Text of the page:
US House committee sets Dec. 13 date for FTX hearing
The United States House Financial Services Committee has announced it will be holding a hearing to investigate the events around the collapse of crypto exchange FTX.
House Financial Services Committee Chair Maxine Waters said Nov. 28 that lawmakers will explore the collapse of FTX at the Dec. 13 inquiry, expected to be the first in a series of hearings about the bankruptcy of a major crypto exchange. This one was first announced on Nov. 16 but not scheduled until now.
Following the fall of FTX, the urgent need for legislation has never been greater. @FSCDems anticipated this need & have already been working for several months under the leadership of Chairwoman Waters, w/ RM McHenry, to craft bipartisan legislation.
— U.S. House Committee on Financial Services (@FSCDems) November 16, 2022
The House committee said in its previous announcement that it expected to hear from individuals and companies involved in the events that led to FTX filing for Chapter 11 bankruptcy, including former CEO Sam Bankman-Fried, Alameda Research and Binance. Though Bankman-Fried was reportedly still based in the Bahamas at the time of publication, New York Times journalist Andrew Sorkin said on Nov. 24 that the former CEO intended to speak at a conference in New York City on Nov. 30.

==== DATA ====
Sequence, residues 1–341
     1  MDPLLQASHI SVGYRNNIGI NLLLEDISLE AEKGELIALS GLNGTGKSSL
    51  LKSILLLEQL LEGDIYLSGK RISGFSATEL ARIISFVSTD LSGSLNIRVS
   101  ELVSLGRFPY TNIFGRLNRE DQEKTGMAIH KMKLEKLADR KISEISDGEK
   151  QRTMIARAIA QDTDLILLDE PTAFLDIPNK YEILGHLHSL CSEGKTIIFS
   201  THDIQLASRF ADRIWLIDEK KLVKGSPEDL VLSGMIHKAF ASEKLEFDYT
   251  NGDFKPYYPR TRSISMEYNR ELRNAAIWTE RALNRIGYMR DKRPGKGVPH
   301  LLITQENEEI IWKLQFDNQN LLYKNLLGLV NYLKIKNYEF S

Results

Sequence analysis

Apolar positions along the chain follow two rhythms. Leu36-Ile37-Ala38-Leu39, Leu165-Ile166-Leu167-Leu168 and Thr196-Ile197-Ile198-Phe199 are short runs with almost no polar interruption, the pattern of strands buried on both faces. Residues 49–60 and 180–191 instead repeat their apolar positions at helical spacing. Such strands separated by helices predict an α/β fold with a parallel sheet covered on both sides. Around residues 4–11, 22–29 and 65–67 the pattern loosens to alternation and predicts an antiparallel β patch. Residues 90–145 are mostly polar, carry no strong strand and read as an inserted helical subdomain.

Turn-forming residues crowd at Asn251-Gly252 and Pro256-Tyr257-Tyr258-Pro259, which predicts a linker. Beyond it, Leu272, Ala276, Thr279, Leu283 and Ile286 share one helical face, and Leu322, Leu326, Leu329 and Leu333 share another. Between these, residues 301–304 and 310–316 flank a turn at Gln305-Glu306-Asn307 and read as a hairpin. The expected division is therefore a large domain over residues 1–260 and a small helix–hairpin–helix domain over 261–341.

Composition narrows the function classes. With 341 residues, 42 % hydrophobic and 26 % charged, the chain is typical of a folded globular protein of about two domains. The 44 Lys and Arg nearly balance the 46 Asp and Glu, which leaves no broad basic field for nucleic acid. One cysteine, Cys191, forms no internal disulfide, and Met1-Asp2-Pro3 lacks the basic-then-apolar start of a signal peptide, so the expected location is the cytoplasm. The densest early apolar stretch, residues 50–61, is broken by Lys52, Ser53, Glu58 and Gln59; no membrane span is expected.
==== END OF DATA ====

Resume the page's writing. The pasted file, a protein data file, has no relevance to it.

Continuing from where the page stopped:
The U.S. Senate Agriculture Committee has also scheduled a hearing on “Lessons Learned from the FTX Collapse” for Dec. 1, with Commodity Futures Trading Commission Cchair Rostin Behnam scheduled to appear as a witness. It’s unclear if Bankman-Fried will also speak to the committee should he remain in the country following his New York trip.
Related: BlockFi files for bankruptcy, cites FTX collapse for its troubles
FTX has been a target for lawmakers and regulators around the world following the firm filing for bankruptcy in the District of Delaware on Nov. 11. The Australian government says its Treasury department plans on implementing regulations aimed at improving investor protection next year, while the Monetary Authority of Singapore has faced scrutiny for not warning investors about FTX.